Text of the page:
TikTok to Partner with Oracle and Walmart, Rather Than Selling U.S. Operations



· 2020.09.15

The hugely popular video-sharing service is scrambling to find a way to head off a ban by the Trump administration and circumvent the Chinese government's technology export restrictions.

Credit: China Visual Group

Credit: China Visual Group

BEIJING, September 15 (TMTPOST) After about 40 days of tough negotiations with multiple bidders, TikTok has ended the attempt of selling its U.S. operations and instead sought partnerships with Oracle and Walmart, according to sources close to TikTok’s parent company ByteDance management.

Oracle will serve as the "trusted technology provider” in a proposal submitted by TikTok’s owner ByteDance to the Treasury Department over the weekend, the U.S. tech giant said on Monday in a statement. 

It was unclear whether Oracle’s new status as TikTok’s partner would mean a majority stake of the social media app.

Meanwhile, U.S. retail giant Walmart will work as TikTok’s e-commerce partner, according to Caixin Media.

“We can confirm that we’ve submitted a proposal to the Treasury Department which we believe would resolve the administration’s security concerns,” TikTok said in a statement.

“This proposal would enable us to continue supporting our community of 100 million people in the United States who love TikTok for connection and entertainment, as well as the hundreds of thousands of small business owners and creators who rely upon TikTok to grow their livelihoods and build meaningful careers.”

ByteDance's global operations will continue to be headquartered in the United States and create 20,000 more jobs in the world’s largest economy, according to the proposal submitted to the Trump administration.

The deal does not involve the sale of TikTok demanded by Trump or the transfer of ByteDance’s core technologies, according to the sources.

“In addition to putting TikTok’s data center in the United States, Oracle will provide TikTok data security solutions,” said a source. “TikTok also made promises on tax payment in the proposal.”

Oracle is not the only one that has changed from a bidder to a partner. Walmart said in late August that it was working with tech mammoth Microsoft to bid for TikTok’s U.S. operations. Walmart claimed that its partnership with TikTok would help it reach more customers, develop third-party markets and advertising.

In an interview with CNBC, U.S. Treasury Secretary Steven Mnuchin confirmed that the government would this week review the proposal, submitted by TikTok over the weekend.

“I will just say from our standpoint, we’ll need to make sure that the code is, one, secure, Americans’ data is secure, that the phones are secure and we’ll be looking to have discussions with Oracle over the next few days with our technical teams,” he said.

The deadline for the sale of TikTok’s U.S. operations is September 20, 45 days after Trump’s executive order released on August 6. After a review by the Committee on Foreign Investment in the United States (CFUIS), a recommendation will be made to President Donald Trump, Mnuchin said.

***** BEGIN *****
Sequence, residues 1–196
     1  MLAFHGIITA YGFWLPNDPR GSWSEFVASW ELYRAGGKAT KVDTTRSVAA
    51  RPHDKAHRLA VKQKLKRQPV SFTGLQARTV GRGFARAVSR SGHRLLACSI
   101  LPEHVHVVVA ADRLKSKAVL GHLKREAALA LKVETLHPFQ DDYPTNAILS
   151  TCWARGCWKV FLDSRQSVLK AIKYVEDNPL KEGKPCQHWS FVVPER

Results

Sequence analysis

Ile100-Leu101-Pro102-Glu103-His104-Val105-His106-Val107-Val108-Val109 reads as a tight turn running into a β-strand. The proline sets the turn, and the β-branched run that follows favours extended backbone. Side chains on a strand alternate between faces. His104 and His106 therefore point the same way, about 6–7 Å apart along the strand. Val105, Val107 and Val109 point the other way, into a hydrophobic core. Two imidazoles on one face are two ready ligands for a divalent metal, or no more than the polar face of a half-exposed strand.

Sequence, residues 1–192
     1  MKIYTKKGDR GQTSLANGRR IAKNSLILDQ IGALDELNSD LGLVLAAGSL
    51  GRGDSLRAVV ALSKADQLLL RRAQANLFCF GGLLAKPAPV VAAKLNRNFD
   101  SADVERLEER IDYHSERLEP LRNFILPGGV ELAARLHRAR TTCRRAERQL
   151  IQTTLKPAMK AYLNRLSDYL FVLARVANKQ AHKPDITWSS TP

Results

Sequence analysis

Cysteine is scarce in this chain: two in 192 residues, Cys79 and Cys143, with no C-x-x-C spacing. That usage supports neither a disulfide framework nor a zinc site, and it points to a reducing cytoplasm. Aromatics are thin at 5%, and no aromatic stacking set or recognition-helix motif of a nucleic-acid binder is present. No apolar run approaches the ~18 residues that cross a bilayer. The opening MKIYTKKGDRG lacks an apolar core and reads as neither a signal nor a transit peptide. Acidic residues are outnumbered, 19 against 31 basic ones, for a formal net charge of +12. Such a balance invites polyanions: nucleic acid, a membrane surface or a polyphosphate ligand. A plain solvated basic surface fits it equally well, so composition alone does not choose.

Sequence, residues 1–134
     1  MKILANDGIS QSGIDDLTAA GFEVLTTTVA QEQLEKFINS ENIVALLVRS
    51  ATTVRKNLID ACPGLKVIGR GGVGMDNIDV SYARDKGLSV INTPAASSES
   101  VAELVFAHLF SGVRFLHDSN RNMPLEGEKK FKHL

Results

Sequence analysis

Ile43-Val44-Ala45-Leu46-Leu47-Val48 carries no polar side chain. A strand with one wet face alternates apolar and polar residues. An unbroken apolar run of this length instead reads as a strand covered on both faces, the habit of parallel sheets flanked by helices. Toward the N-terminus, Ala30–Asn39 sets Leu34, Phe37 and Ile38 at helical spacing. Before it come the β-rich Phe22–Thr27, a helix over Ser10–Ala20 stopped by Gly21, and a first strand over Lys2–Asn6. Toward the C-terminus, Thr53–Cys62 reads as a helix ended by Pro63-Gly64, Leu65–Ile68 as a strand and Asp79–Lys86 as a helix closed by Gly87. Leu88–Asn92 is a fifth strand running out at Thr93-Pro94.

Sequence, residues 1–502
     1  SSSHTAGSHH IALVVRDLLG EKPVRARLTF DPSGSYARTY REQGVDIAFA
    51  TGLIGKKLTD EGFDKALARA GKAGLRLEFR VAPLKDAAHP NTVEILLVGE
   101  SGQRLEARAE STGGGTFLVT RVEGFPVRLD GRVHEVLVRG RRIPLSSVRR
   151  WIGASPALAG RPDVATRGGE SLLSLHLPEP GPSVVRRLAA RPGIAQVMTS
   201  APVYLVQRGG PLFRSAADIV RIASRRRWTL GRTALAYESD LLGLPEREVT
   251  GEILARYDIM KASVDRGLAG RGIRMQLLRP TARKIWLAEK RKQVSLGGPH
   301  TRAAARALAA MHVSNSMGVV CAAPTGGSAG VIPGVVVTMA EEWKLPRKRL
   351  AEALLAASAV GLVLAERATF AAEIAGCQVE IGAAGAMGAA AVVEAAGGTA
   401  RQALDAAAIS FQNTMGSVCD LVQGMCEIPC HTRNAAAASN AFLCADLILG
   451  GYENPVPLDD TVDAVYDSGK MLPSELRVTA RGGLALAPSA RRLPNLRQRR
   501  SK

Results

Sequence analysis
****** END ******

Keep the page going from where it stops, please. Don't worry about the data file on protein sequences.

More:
On the news of TikTok’s choice of Oracle after rejecting Microsoft, the tech firm’s share soared 13 % before Monday’s opening.

Past Bidders

On September 13, Microsoft announced that ByteDance would not sell TikTok’s U.S. operations to it.

“ByteDance let us know today they would not be selling TikTok’s U.S. operations to Microsoft,” Microsoft said in a statement posted on its official blog. “We are confident our proposal would have been good for TikTok’s users while protecting national security interests.”

Microsoft added that its bid “would have made significant changes to ensure the service met the highest standards for security, privacy, online safety and combatting disinformation.”

Microsoft had submitted a preliminary proposal to CFIUS, aiming to take over TikTok’s operations in the United States, Canada, Australia and New Zealand. Before TikTok’s rejection, Microsoft and TikTok discussed concrete arrangements relating to assets sale and ByteDance’s founder Zhang Yiming’s stake after the proposed takeover.

TikTok’s change of mind is believed to have something to do with a recent change to China’s export regulations. On August 28, the Ministry of Commerce and the Ministry of Science and Technology revised the list of technologies subject to export restrictions, adding “personalized information delivery services based on data analysis” and “artificial intelligence interface technologies” to the list.

The change implied that ByteDance’s deal with any U.S. company would require the approval of the Chinese government. It also marked the first major pushback by China beyond verbal protest in the face of a hostile campaign by Trump, who has argued that Chinese tech companies pose national security risks.

ByteDance’s founder Zhang said that he would “respect the authority of the government” after the policy change was introduced.

Twitter and Blackstone Group had also showed interest in acquiring TikTok.

TikTok represents China’s first major successful internet overseas expansion, with a large number of followers across the globe, including the United States and India. In the wake of a bloody border clash with China, India banned TikTok along with over 50 others from China in late June, citing national security risks as concerns.  

ByteDance has taken steps to try to mitigate the concerns. It set up two transparency centers in the United States to showcase how it manages user data. 

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    2020-09-17 11:25 via android

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